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Nigella Lawson Believes This Is The Most Important Thing To Do When Eating Alone

A Food Network star and "food enthusiast" (via Food Network), Britain's Nigella Lawson, is beloved by her fans for reasons quite different from the reasons Gordon Ramsay's fans can't get enough. Known for her "feel-good" approach to food, Lawson comes off as both relatable and nurturing. One reason may be that Lawson has been tenderized by what amounts to more than her fair share of heartache over the course of her 60+ years, including the cancer-related deaths of her first husband at age 47, her mother at age 48, and her sister at 32 (via People).

Lawson had two young children to cook for after her husband's death, as well as a second husband whom she married two years later. Nevertheless, Lawson has always been sensitive to the loneliness that can come from eating alone. "In her very first cookbook, How to Eat, Lawson wrote about the importance of making the time to cook delicious and fulfilling meals for yourself, even if it's just you at the table," according to Starts at 60. Divorced from her second husband (since 2013), and with her children grown, Lawson continues to address eating alone in her work, including in her most recent book, Nigella Kitchen: Recipes from the Heart of the Home (via Amazon)which offers wonderful recipes and heartfelt advice on the topic.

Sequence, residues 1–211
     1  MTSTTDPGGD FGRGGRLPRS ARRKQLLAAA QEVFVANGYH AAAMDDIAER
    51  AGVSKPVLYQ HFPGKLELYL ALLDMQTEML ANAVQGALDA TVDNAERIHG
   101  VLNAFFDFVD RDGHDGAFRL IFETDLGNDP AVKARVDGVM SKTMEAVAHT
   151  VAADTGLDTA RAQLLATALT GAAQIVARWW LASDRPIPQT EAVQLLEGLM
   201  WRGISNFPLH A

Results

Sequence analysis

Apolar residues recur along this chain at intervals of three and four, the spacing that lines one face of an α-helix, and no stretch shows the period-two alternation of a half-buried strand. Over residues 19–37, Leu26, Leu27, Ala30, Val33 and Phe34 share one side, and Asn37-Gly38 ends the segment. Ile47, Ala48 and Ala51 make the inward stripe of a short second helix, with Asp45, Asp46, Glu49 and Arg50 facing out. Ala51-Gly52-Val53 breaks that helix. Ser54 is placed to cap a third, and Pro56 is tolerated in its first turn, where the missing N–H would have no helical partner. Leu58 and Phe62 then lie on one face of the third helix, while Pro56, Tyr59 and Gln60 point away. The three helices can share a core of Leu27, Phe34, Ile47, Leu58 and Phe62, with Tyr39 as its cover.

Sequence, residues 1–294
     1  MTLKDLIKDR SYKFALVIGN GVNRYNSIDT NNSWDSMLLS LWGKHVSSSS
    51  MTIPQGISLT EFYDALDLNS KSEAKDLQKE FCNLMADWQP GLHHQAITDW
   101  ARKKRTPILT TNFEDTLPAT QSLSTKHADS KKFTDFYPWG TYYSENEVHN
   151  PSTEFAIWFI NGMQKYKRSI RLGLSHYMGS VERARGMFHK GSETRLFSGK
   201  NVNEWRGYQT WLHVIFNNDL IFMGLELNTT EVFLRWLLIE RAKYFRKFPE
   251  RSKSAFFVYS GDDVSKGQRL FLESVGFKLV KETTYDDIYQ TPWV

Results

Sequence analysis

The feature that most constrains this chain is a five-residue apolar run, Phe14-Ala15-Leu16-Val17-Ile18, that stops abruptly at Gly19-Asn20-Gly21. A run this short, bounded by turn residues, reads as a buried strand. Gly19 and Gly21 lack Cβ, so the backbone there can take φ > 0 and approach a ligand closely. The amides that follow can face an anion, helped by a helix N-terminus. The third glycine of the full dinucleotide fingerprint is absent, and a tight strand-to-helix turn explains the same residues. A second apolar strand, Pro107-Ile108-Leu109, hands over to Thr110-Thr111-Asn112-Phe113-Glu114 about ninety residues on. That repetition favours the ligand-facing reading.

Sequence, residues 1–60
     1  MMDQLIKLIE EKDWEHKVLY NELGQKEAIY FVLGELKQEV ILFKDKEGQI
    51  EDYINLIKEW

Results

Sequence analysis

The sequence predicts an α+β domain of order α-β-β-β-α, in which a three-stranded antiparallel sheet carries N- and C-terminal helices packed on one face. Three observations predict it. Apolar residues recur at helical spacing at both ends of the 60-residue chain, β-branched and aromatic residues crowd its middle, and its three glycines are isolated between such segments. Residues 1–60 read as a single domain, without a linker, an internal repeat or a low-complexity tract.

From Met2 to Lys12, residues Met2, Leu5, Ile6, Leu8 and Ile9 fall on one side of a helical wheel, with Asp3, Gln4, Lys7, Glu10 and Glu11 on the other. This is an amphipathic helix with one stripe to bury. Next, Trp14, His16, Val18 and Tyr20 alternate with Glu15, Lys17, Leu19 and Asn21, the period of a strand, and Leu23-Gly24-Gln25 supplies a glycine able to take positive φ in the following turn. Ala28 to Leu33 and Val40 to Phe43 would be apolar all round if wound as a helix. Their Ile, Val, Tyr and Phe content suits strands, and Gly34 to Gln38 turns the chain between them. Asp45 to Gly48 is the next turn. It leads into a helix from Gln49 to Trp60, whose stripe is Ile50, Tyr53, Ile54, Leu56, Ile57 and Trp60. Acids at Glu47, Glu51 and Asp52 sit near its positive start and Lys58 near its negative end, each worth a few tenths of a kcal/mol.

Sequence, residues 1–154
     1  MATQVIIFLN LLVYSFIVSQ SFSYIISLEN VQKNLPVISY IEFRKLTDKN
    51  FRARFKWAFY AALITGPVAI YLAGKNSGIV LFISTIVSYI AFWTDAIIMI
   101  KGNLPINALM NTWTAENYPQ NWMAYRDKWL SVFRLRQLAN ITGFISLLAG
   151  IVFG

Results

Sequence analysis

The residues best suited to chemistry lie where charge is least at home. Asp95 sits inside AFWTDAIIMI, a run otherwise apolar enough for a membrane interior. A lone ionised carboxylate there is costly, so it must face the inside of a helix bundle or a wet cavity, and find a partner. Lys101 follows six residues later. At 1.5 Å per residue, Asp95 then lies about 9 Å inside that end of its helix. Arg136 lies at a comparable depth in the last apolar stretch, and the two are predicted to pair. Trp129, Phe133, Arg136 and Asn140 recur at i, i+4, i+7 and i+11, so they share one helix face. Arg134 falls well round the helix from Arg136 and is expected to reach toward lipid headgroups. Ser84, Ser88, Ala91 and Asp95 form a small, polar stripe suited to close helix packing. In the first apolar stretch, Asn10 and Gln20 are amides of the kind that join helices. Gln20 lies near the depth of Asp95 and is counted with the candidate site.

In a recent tweet, Lawson addressed the topic once again, offering her take on the most important thing to do when eating alone.

Here is how Nigella Lawson elevates eating alone to an art

"I'm a great believer in the importance of cooking for oneself when eating alone," Nigella Lawson stated in a tweet on February 15, 2021 (via Twitter). When cooking to eat alone, Lawson recommends selecting easy dishes that are "sustaining," both physically and emotionally. Her recipe for Poached Chicken with Lardons and Lentils, which she selected as her #RecipeOfTheDay for February 15, fits the bill like a comfy old sweater.

"Sometimes we just need the sort of food that comforts and bolsters and makes the world feel a safe place," she wrote in the introduction to the recipe, which was published in her 2010 bestselling book, Nigella Kitchen: Recipes from the Heart of the Home (via Nigella Lawson's website). "I'm a great believer in cooking properly when eating alone, and not just out of greed, and the need for deliciousness, both of which are important, but because I also firmly believe it to be a Good Thing: the succor that comes from the self can be very sustaining."  

Can you guess the comfort food that 25 percent of people said they would actually be fine with giving up? We bet it's not this recipe.